June 23, 1990
The information contained in historical documents and records in all forms is a valuable property of the institution that created or received it and is part of the historical heritage of mankind. Archival materials are unique, permanently valuable, and largely irreplaceable.
Effective management of valuable property and corporate resources is a basic institutional responsibility. In the same way, proper care of archival materials is an institution's duty to its trustees, shareholders, members and community. The hiring of an archivist signals a commitment to this duty by permanently valuable historical materials.
Establishment and development of an archive is a major task that requires time, resources and attention. It also is a commitment that carries with it an ongoing responsibility. For this reason, any decisions that may lead to closing an archive or curtailing its operations should be taken carefully and deliberately.
The institutional cost of temporary or permanent closing of an archive is substantial. In a closed archive, information needed to protect institutional or individual legal rights and interests or for day-to-day business is inaccessible. Information needed to meet legal, administrative or financial requirements or to provide a balanced and accurate picture of past events or actions is missing. Furthermore, information may be lost forever if the archival records are lost. The institution's reputation as a responsible citizen and its image within its community and beyond may be threatened.
Financial costs of closing an archive also are high. Outside the protective archival environment, valuable documents and files may be lost. If not, they are likely to deteriorate and, without a trained archivist, may lose their organization, integrity and value as evidence. Electronic data and photographic materials suffer particularly without proper archival care. Reestablishment of archival controls is labor intensive and expensive.
The Society of American Archivist recognizes that many institutions face fiscal pressure that may from time to time lead them to consider closing an archive or curtailing its basic activities. Nonetheless, the Society believes that an institution must assess both short and long-term and direct and indirect costs of this action before making any decision in this regard. Archival experts should be consulted concerning the costs and consequences of any action. Deliberation should be particularly cautious if private or donated historical materials are involved or if the archive has been supported in any part by grants, public funding, or volunteer work. Such factors can create potential liability for the institution. A proposed closing also must be discussed with the users of the archive, both within and outside the institution.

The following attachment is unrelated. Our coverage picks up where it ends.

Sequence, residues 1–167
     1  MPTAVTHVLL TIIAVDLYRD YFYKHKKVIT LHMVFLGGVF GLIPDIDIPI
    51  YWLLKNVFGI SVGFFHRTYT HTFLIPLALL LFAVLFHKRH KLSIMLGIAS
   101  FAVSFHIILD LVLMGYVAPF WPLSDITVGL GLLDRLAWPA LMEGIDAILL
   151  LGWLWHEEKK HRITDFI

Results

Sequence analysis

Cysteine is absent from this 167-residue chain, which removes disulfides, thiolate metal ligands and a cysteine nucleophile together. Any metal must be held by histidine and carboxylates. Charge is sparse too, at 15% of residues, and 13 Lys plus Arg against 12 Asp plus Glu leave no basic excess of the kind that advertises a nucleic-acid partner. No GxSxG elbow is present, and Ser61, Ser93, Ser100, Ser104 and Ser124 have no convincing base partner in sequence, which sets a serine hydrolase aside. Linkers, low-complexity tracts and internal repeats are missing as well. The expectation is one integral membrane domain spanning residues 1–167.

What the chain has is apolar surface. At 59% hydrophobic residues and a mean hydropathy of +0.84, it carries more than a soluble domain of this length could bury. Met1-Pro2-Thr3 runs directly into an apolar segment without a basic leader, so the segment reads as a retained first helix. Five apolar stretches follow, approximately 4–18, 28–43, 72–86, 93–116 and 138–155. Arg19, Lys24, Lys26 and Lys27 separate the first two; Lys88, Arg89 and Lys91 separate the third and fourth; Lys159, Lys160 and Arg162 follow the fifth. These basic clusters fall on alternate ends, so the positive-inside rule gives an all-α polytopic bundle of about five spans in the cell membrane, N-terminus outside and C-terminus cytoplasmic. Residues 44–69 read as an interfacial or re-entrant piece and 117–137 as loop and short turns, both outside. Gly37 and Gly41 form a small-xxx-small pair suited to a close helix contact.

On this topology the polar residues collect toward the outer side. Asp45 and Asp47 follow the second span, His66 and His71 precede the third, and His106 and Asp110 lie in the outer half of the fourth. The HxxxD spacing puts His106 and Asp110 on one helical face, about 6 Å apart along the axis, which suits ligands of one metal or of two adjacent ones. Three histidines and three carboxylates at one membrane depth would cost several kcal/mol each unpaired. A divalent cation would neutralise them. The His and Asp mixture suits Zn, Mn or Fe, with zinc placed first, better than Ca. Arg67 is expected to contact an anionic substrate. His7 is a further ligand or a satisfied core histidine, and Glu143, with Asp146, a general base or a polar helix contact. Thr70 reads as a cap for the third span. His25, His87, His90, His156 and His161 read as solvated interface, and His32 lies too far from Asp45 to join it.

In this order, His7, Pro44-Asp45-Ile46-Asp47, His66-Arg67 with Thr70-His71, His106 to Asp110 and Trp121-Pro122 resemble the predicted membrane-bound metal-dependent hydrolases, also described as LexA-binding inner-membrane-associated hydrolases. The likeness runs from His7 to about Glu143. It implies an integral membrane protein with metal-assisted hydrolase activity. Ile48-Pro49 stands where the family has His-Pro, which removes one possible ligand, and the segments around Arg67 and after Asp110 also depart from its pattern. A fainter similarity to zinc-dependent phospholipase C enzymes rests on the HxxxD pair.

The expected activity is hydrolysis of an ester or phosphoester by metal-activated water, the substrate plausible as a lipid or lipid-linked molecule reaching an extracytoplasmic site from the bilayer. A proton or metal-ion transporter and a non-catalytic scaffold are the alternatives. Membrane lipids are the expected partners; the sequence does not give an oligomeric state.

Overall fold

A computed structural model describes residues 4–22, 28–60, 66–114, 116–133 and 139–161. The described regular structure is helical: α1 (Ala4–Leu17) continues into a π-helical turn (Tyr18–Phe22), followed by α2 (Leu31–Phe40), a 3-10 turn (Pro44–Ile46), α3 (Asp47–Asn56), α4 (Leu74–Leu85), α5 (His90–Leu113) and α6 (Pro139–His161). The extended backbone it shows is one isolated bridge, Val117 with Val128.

After careful consideration, should it still seem necessary to close the archive or significantly curtail operations, it is imperative that adequate notice be given to archival staff to permit them to plan an orderly transition, to make arrangements for the safety of archival materials owned by the institution, and to find suitable employment elsewhere. Again consultations with outside archival experts are essential to ensure that the institution's interests are secure.
A plan must be in place for physical protection of historical materials upon closure of the archives. Access to the materials must be strictly regulated and unauthorized or unsupervised access prohibited. A preliminary agenda of steps needed to reinstitute the archive also should be in place.
Should circumstances so dictate, the institution may consider donating its archives to a suitable repository provide that adequate funding is available to providing for responsible care. Such a decision should result from a careful negotiation of both parties' rights and responsibilities.
The Society of American Archivist stands ready to provide information regarding these matters at any time.